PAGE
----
(Reuters) - Gerry Adams, former leader of the political wing of the Irish Republican Army (IRA), was wrongly refused compensation over historic convictions which were later overturned, Belfast's High Court ruled on Friday.
Adams, who led the Sinn Fein party during much of the conflict in Northern Ireland, was among hundreds of people held by Britain without trial in the early 1970s under a policy meant to break the IRA. He has always denied membership of the militant group.
He was convicted in 1975 of twice attempting to escape from prison, but those convictions were quashed by the United Kingdom's Supreme Court three years ago.
The 74-year-old was refused compensation for his wrongful convictions by Northern Ireland's Department of Justice in 2021.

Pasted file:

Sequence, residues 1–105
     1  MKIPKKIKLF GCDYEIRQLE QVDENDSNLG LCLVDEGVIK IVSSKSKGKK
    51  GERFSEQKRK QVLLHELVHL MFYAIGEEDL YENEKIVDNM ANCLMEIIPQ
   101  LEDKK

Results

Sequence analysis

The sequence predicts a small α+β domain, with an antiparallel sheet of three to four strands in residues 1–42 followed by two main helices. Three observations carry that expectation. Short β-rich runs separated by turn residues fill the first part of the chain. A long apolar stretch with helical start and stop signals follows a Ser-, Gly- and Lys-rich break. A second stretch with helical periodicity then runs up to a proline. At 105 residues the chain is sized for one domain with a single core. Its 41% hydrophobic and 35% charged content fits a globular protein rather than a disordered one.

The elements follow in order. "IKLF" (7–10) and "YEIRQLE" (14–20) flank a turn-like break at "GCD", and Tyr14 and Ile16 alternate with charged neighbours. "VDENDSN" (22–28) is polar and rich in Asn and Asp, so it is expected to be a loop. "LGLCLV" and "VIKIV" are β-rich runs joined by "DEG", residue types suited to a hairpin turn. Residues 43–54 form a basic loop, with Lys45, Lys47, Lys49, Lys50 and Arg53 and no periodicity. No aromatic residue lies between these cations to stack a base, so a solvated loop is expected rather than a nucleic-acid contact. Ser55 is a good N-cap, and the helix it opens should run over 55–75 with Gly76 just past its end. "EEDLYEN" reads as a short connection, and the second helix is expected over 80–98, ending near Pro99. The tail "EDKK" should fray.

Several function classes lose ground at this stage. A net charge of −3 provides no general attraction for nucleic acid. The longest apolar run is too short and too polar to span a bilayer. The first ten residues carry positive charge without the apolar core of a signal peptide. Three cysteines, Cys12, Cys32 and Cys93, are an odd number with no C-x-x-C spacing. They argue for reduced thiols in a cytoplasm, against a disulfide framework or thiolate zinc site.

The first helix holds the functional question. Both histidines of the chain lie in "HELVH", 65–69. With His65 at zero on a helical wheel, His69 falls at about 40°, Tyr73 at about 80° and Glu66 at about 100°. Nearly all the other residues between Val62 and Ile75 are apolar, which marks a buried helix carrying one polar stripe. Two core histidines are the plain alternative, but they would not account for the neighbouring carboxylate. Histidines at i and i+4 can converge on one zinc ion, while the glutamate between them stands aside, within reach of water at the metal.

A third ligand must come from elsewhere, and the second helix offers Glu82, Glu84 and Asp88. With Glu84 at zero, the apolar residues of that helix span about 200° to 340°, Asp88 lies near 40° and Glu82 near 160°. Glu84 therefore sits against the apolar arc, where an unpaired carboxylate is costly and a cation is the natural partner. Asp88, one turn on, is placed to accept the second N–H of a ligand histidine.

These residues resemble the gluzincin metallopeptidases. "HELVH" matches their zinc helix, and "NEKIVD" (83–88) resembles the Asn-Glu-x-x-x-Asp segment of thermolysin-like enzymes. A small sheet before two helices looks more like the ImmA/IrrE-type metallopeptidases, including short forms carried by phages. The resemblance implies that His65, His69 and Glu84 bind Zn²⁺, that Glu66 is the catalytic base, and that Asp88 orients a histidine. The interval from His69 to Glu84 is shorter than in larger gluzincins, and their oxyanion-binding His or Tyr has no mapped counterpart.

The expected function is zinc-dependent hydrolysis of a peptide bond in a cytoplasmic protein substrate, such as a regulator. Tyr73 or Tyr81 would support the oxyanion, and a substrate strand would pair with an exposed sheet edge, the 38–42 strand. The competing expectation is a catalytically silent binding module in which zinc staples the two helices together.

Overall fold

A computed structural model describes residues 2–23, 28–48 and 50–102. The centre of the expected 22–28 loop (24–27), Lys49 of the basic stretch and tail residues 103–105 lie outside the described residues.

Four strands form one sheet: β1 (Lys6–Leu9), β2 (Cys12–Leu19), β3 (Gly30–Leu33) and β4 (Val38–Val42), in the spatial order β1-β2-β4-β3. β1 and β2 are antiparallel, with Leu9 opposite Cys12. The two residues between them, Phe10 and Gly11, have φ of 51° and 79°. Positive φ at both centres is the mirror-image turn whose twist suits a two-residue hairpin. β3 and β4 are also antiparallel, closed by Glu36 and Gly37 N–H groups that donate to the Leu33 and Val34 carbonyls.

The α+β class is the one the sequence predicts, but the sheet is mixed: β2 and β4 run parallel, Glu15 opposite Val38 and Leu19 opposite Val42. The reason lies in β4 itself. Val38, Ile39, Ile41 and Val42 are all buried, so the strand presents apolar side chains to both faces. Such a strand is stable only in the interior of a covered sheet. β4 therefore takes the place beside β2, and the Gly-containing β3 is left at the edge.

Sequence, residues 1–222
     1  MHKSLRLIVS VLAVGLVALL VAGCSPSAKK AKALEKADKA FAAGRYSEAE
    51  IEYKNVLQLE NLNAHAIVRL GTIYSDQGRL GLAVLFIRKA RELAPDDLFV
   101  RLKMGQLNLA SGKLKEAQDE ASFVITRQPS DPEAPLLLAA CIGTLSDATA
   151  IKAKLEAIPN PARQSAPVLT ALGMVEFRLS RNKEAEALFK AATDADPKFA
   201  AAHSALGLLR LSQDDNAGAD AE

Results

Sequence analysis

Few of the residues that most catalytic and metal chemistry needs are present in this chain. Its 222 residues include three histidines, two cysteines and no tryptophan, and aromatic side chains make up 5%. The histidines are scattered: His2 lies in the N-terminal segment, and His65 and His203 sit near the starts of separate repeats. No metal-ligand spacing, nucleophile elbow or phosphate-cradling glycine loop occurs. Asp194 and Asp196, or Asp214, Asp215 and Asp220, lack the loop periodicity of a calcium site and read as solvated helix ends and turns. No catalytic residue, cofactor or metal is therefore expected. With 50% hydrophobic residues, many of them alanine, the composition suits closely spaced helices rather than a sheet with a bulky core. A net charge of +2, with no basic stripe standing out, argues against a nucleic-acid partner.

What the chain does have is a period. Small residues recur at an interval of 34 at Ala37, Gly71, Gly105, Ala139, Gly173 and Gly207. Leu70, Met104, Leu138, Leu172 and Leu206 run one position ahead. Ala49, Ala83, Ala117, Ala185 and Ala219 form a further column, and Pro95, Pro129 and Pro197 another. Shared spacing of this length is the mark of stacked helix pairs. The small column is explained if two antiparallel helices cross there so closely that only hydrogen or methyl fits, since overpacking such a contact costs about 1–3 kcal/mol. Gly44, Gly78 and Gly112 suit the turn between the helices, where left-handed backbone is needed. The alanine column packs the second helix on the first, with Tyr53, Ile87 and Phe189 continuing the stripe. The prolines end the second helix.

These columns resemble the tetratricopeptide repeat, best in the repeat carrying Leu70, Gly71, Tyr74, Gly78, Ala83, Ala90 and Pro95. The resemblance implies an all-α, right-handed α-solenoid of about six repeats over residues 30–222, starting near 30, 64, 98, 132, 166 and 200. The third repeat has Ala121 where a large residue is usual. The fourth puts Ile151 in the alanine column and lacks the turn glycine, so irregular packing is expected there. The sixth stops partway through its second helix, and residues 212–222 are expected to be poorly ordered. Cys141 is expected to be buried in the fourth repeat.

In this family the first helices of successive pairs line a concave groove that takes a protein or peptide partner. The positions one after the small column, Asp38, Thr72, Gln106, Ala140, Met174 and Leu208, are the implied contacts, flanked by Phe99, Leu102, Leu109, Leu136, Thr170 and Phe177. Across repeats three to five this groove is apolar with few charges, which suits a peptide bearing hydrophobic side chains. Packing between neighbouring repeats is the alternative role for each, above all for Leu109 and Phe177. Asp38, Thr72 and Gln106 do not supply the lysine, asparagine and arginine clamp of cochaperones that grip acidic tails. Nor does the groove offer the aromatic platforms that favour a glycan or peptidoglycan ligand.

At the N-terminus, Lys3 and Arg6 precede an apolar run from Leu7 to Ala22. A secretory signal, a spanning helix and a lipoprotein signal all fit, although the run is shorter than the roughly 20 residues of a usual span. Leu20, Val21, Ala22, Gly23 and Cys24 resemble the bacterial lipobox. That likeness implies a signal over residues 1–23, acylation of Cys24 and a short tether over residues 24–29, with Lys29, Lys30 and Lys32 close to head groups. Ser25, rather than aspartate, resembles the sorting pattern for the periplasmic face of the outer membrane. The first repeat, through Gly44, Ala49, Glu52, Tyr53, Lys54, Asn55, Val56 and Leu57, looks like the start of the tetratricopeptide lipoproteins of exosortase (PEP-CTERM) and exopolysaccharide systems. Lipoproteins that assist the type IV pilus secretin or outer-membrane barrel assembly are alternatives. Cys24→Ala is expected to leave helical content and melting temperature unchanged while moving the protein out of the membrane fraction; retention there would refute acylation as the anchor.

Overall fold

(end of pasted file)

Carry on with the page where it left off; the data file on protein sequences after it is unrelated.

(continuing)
However, Judge Adrian Colton ruled on Friday that the decision was wrong and ordered the Department of Justice to reconsider Adams' application.
The judge said in a written ruling that the reversal of Adams' convictions "shows beyond reasonable doubt that there has been a miscarriage of justice".
The internment of suspected militants was one of the most controversial elements of the British counter-insurgency campaign.
Adams was initially detained in Belfast's Maze prison in 1973. On one of his attempts to flee, he switched places with a visitor at the prison who had been abducted while waiting at a bus stop, Belfast’s High Court heard in 2018.
The UK Supreme Court ruled in 2020 that Adams was not lawfully detained as his internment was not approved by a British cabinet minister, meaning he was wrongly convicted of attempting to escape.
(Reporting by Sam Tobin; Editing by Toby Chopra)